Governor’s race under way, but few notice

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Virginia will be the most politically-watched state in the country later this year, but you sure wouldn’t know it right now.
    Terry McAuliffe, the Democratic nominee for governor, is getting around the state and meeting with supporters. He was in Roanoke last week, and again this week.
    McAuliffe knows that a significant drop in voter turnout from 2012 could very well put his opponent, the extremist attorney general, Ken Cuccinelli, in office.
    And a drop in turnout is exactly what will happen, simply because that’s the name of the game after a presidential race.
    The early polling has Cuccinelli with a 46-41 lead, but only about 10 percent of those voters say they are “following the election closely.” With summer about to launch, that number won’t change much until after Labor Day.
    That doesn’t mean, though, that responsible voters shouldn’t begin already to discern the differences between these two, and it’s a pretty stark contrast.
    Cuccinelli is getting around, too, to his supporters, and that means more than one “tea party” rally. He’s completely at home in that sort of wacky environment, where right-wingers warn each other in somber tones about “Agenda 21,” an alleged U.N. plot to, well, I don’t know, “take us over,” or something.
    Apparently aware that many voters have heard of his right-wing passions and his notorious record as attorney general, Cuccinelli’s first ad features his wife, telling us what a nice guy he really is.
    Now, though, he’s on the edge of a scandal that – depending on which way it goes – could give him serious trouble in the fall, and possibly even force his resignation as attorney general before that.
    Both he and Governor Bob McDonnell are under scrutiny (with Governor Ultrasound actually under investigation) for their ties to a corporate leader. You know how it is with Republicans; they love big corporations and big money so much this kind of thing often happens.
    But it remains to be seen if the Star Scientific matter (that’s the company McDonnell and Cuccinelli were dancing with) will adversely affect his candidacy.
    McAuliffe, meanwhile, has a different problem, according to early polls. Voters don’t know him, and if they do, it’s only because of his connection to Bill Clinton, for whom he was a key fundraiser, and later, chairman of the Democratic National Committee.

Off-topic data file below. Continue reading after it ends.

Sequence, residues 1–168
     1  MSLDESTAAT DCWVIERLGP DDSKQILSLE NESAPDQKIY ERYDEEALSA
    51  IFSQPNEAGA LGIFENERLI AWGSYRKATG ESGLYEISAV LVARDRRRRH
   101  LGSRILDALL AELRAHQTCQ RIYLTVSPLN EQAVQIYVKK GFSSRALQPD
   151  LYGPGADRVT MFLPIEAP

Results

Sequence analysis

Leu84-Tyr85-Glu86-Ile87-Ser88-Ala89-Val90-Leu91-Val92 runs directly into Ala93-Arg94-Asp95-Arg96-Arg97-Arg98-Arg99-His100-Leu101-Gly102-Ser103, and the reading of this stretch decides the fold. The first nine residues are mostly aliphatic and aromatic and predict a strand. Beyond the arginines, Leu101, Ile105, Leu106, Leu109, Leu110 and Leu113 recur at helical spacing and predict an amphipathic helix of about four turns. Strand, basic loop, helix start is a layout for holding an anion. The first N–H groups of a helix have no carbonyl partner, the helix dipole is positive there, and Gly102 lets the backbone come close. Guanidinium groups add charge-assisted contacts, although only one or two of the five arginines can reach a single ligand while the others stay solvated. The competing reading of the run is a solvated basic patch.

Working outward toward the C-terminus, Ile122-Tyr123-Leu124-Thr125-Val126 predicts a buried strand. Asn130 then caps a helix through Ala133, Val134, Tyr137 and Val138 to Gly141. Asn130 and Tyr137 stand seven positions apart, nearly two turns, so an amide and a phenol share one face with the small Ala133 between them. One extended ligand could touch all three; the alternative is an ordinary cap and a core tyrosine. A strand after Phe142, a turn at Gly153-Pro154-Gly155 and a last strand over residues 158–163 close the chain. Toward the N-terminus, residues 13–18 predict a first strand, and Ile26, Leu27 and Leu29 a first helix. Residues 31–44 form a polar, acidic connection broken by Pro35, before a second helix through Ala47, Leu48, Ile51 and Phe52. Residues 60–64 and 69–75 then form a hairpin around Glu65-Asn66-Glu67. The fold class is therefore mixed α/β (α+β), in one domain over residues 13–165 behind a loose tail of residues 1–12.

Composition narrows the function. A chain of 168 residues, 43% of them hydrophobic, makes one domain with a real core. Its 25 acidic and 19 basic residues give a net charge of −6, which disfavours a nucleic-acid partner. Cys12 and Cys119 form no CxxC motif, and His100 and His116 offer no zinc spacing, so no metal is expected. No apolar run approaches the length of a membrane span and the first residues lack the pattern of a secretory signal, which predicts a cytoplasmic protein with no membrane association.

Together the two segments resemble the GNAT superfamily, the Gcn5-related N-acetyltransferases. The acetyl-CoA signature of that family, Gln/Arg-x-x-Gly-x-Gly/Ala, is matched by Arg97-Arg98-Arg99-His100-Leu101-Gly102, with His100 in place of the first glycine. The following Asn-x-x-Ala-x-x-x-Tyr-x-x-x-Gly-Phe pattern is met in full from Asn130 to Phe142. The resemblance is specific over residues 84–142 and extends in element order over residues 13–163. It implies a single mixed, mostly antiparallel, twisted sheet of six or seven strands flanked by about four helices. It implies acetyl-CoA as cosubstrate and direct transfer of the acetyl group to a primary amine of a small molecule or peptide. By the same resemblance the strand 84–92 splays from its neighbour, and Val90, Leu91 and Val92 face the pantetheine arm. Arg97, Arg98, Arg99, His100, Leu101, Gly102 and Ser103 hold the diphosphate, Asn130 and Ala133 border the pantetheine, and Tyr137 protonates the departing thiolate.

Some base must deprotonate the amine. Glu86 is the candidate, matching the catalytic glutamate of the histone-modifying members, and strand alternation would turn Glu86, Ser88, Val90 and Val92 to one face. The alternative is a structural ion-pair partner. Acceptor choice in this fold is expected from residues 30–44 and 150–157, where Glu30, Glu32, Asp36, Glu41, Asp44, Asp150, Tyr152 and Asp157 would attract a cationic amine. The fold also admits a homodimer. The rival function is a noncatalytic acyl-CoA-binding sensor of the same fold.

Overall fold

He was not the choice of Democrats four years ago, who chose state senator Creigh Deeds over McAuliffe. But he really does have a lengthy and significant business background in Virginia that goes all the way back to his youth.
    In his first television ad, he tries to tell that story. And he’ll have to do all he can to define himself before the Republicans define him their way.
    McAuliffe is a lifelong Democrat, progressive and dedicated to the Obama agenda, and he should be unabashed about saying that. He has an argument to make that Virginia, which has now voted Democratic in two straight presidential elections, is growing as a progressive state, and, obviously – having voted for him twice – supports this president!
    Four years ago, Deeds ran away from Obama, tried another version of the old “Virginia Democrat” thing (as in: how different we are from national Democrats), and got butchered at the polls. McAuliffe can’t afford to lose any of the Latino, other minorities, and youth voting blocs that carried the president.
    If he does, Cuccinelli will be elected governor.
    But, alas, I jump ahead, and do not wish to contemplate “Worst Case Scenario” right now.
    Voters really do need to multi-task; enjoy the summer, work, and live your life, but start paying some attention to these two candidates. It’s important.

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Rick Howell, a Bedford native, can be reached by e-mail at RickDem117@gmail.com.